Many words used in liturgy, prayer, or Christian culture may not have been fully translated into your native language.
Even if you’re not conscious of it, you use Greek terms in your daily language. For example, if you acknowledge your illegible handwriting and decide to improve your calligraphy, you’re speaking Greek without realizing it: Calligraphy originates from the Greek words kalós, meaning “beauty,” and graphein, meaning “to write.” Similarly, if you’re not feeling well and think about consulting a gastroenterologist, you’re once again using Greek: gastro is the Greek term for “stomach,” and enteron refers to, broadly, the “gut.” Even when you ask your server for some extra butter, you’re speaking Greek – back in Antiquity, the Greek boútyron became Latin butyrum and, eventually, English butter.
This implies that if you ever contemplate learning Greek, you won’t be starting from scratch. In fact, you might eventually realize that you already possess a better understanding of some fundamental Greek vocabulary than you initially thought.
This is particularly true if you’re a Christian, as the Gospels were written in Greek. Indeed, many words used in liturgy, prayer, or Christian culture may not have been fully translated into your native language. Have you ever considered the origin of the word “ecclesiastic”? Here are three theological Greek terms that might help you understand your faith a bit better.
Oikonomia, stemming from the Greek oikos (house) and nomos (law), refers to more than your everyday domestic budgetary administration. In Christian theology, it refers to divine economy, God’s own management of the world, and His plan of salvation unfolding through key historical events. The Incarnation, Crucifixion, and Resurrection are integral elements of this orderly arrangement, reflecting God’s design to bring humanity into perfect communion with Him.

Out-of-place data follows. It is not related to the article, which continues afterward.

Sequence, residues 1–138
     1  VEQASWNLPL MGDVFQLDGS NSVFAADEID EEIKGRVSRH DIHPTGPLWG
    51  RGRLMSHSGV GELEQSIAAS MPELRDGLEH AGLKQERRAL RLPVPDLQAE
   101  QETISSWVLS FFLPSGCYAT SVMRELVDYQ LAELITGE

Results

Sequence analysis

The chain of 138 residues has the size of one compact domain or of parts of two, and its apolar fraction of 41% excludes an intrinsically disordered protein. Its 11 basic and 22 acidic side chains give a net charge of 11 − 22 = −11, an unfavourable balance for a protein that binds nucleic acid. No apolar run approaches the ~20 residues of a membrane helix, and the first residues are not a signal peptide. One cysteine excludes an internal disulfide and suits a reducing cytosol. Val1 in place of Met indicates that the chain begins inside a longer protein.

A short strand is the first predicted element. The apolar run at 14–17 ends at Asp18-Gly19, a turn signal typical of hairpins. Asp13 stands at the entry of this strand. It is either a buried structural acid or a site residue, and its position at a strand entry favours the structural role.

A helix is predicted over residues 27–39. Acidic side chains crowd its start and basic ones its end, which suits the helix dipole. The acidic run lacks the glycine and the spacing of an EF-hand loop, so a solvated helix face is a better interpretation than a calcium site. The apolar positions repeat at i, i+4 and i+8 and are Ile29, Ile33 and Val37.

Parousia, in the original Greek, refers to the notion of presence (it translates, literally, to “being present”). In that sense, it refers to Jesus’ Second Coming. For obvious reasons, the term holds a central place in eschatological discussions within Catholicism – and in Christianity in general. Understanding the notion of parousia demands an appreciation for its usage in the cultural and textual context of the Gospels, emphasizing the vigilance and readiness required of believers as they await the culmination of God’s kingdom – that is, for the completion of God’s economic plan.
The term Paraclete is directly derived from the Greek parakletos. The word is composed of two terms: para, meaning “alongside,” “next to,” pretty much like the para in Parousia implies presence. Kletos derives from the verb kalein, “to call.” A parakletos is someone called to “stand next to” us – someone that is present, a helper and, in an extended sense, an advocate. Needless to say, the term carries profound theological weight in Catholicism. As the Holy Spirit, the Paraclete is the third Person of the Holy Trinity, sent by Christ to guide believers. A nuanced comprehension of the role of the Paraclete requires an exploration of its usage in the Gospel of John, where Jesus promises the coming of this Helper to sustain, comfort, and advocate for the disciples.